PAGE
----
I'm sure Android watches support or will support it as well. Maybe this will be something we all end up using?

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    Quote Originally Posted by normonster View Post
    A certain company is Cupertino is looking at using their smart watch to address cardiac arrhythmia. There's a Cardiogram app out that tracks your heart rate and lets you

    "share your health data with medical researchers, to contribute to studies on abnormal heart rhythms like atrial fibrillation, heart failure, and more"

    https://www.cnbc.com/2017/09/11/appl...ican-well.html

    I'm sure Android watches support or will support it as well. Maybe this will be something we all end up using?
    Atari?? It's good they're doing that. Something really key though (morbid) is an autopsy of folks/athletes who die of a heart condition unexpectedly. Same thing with concussions victims. Try and find out what exactly happened.
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    It is definitely something to be concerned about. In that particular article case, it may of been him pushing his heart over the years that created the poor heart condition and that it just failed on him. However, I think that case was an extreme with a combination of a lot of factors together is what triggered the atrial fibrillation.

    It says, he didn't eat much, he had two big coffees, and an hour before the race downed a few caffeinated energy gels. That is a lot of caffeine on an empty stomach and racing at high altitude with little oxygen didn't help either. Caffeine can raise your heart rate quite a bit as well.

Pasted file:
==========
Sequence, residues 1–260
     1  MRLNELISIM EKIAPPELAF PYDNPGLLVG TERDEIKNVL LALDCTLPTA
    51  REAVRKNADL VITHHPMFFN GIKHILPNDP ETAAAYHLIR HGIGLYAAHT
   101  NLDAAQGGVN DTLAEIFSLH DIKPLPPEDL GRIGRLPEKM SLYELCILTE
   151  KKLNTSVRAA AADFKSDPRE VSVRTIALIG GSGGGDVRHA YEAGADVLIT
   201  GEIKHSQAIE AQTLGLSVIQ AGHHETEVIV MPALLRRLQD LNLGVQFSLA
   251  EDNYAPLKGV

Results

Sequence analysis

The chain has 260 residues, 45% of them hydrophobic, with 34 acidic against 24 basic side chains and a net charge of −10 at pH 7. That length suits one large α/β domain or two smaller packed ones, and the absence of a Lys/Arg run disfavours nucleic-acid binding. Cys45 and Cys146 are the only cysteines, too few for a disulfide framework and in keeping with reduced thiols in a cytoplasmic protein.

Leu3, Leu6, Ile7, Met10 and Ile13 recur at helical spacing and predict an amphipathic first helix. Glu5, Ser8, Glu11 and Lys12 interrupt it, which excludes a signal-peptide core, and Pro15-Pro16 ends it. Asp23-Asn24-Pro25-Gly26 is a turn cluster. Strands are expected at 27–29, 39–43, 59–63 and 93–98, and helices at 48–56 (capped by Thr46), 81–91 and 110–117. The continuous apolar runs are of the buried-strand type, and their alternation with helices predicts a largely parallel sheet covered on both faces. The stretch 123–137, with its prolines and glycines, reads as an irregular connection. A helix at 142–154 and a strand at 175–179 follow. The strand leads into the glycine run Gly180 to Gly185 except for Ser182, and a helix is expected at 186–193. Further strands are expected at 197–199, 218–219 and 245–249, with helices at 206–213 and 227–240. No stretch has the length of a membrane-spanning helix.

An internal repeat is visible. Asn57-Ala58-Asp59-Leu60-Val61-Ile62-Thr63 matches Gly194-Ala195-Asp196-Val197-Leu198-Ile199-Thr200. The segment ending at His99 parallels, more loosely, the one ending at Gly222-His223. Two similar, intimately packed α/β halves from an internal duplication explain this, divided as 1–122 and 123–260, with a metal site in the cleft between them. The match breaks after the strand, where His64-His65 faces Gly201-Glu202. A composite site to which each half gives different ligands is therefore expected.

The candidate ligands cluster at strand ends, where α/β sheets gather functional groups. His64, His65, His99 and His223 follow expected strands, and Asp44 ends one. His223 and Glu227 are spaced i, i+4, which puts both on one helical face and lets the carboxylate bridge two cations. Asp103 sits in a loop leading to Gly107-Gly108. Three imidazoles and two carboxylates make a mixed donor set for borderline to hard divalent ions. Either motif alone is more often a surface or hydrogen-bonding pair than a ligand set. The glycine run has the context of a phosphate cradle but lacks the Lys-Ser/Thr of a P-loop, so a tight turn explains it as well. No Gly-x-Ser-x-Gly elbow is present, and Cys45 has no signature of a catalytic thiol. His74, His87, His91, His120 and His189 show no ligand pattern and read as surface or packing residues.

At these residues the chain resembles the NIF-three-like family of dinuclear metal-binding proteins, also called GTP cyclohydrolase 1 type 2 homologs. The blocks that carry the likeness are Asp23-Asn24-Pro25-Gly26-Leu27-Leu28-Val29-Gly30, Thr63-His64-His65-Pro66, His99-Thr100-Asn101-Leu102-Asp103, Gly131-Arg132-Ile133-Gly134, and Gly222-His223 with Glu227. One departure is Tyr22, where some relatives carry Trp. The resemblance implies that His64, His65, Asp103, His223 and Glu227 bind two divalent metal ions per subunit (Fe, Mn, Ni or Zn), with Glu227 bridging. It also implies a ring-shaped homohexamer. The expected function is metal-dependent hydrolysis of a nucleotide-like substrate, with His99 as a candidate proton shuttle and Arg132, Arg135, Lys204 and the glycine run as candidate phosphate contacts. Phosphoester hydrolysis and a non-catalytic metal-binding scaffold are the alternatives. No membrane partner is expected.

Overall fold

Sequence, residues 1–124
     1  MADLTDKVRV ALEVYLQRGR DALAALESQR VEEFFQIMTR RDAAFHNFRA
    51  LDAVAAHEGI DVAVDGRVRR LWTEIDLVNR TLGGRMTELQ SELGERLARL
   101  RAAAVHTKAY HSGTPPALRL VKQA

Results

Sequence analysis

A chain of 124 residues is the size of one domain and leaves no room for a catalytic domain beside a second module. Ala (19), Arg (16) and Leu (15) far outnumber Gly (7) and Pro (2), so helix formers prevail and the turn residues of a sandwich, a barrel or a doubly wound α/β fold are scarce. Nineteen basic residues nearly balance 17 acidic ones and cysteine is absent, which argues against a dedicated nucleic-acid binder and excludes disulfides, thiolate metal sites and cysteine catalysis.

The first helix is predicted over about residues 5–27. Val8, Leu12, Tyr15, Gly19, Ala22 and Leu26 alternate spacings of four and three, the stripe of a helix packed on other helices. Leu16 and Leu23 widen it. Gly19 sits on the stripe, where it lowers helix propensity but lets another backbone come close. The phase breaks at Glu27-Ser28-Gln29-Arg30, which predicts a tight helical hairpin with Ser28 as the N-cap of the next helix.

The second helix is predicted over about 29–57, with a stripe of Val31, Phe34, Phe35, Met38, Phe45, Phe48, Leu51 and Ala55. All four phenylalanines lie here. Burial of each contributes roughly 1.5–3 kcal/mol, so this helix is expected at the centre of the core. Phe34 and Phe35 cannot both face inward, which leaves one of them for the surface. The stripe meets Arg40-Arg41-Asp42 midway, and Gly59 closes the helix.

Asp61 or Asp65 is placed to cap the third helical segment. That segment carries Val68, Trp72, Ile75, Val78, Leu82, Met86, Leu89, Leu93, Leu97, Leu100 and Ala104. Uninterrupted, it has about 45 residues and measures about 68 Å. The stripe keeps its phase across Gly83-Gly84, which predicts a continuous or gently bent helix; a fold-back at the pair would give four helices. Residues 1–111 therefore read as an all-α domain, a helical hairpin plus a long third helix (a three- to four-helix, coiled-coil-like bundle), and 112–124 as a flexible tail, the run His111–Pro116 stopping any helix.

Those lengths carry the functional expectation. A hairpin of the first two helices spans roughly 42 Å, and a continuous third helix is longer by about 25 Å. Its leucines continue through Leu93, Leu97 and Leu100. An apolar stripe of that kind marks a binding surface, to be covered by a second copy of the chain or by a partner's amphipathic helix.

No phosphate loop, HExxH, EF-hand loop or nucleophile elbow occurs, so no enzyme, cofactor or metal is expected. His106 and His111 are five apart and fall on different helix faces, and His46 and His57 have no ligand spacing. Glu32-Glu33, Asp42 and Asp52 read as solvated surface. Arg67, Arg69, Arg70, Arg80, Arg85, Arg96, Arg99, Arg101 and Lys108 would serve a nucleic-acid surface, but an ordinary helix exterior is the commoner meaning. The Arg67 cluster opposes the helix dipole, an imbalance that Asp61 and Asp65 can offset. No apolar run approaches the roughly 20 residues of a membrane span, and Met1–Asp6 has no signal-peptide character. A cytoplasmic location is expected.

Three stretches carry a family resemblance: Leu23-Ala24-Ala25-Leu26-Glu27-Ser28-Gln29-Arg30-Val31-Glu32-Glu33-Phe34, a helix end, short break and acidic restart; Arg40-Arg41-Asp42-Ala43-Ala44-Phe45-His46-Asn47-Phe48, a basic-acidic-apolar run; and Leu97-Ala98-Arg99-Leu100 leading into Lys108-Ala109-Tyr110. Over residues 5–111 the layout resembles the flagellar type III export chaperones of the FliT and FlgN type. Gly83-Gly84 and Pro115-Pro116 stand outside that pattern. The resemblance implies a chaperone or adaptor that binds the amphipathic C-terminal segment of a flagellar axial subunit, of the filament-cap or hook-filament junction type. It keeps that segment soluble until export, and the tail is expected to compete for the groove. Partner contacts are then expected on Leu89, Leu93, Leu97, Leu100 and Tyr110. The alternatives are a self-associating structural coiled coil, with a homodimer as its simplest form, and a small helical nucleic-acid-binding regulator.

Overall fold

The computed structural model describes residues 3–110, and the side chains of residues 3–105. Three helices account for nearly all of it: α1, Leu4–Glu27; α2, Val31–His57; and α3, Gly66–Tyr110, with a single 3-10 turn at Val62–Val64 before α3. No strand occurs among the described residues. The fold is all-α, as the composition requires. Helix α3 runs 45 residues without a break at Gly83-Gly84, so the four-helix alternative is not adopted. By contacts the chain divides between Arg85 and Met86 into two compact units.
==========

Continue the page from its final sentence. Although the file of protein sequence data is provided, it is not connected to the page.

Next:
However, over time I can see how pushing it to the extremes regularly can be damaging. It is probably good to monitor heart rates on workouts so you are keeping heart rates at a good pace. I also think a healthy diet with low saturated fats and lots of vegetables can aid in keeping the plumbing clear and being heart healthy.
    Last edited by aliikane; 11-03-2017 at 12:10 PM.

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    ghettocop;
    The reason that afib is dangerous and not to be taken lightly is the clotting. When the heart is tachycardic and in an irregular rhythm, it's stroke volume decreases and it can't keep up with the blood flow. Blood begins pooling in the bottom of the atrium. The pooled blood can begin to clot, and a clot can be "knocked or thrown" into your system. I was lucky and mine lodged in my kidney. Could have been my brain or anywhere else. If you know you have afib, at least get on blood thinners. With blood thinners on board you can choose to "live with" afib, and it can't really hurt you, but you know......get it taken care of. All you guys that think you may have something weird going on with HR pulmonary function, fainting, etc.........go get it looked at.


    Thank you for this great and helpful information. I started this thread two years ago to get a dialogue going for all of us who are dedicated to riding for our health sake. I have never been an endurance athlete, but I have dedicated my life to staying fit and healthy.

    By having this thread, I believe it is MTBR's way to provide a continuous flow of specific information thus, keeping the majority of the dedicated riders safe and healthy. This is supportive medical information in the world of cardiovascular health for the dedicated athlete. Most information is limited based on couch potato health (or lack of). So little information seems to exist especially for those endurance athletes who thought they were doing it right only to find themselves facing new cardiac challenges.

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    Quote Originally Posted by ghettocop View Post